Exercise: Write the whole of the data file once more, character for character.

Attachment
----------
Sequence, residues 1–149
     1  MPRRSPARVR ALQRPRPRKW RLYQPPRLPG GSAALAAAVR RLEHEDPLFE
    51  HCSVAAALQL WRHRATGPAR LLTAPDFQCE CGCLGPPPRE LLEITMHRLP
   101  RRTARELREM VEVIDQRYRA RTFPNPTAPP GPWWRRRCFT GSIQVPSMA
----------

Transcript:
Sequence, residues 1–149
     1  MPRRSPARVR ALQRPRPRKW RLYQPPRLPG GSAALAAAVR RLEHEDPLFE
    51  HCSVAAALQL WRHRATGPAR LLTAPDFQCE CGCLGPPPRE LLEITMHRLP
   101  RRTARELREM VEVIDQRYRA RTFPNPTAPP GPWWRRRCFT GSIQVPSMA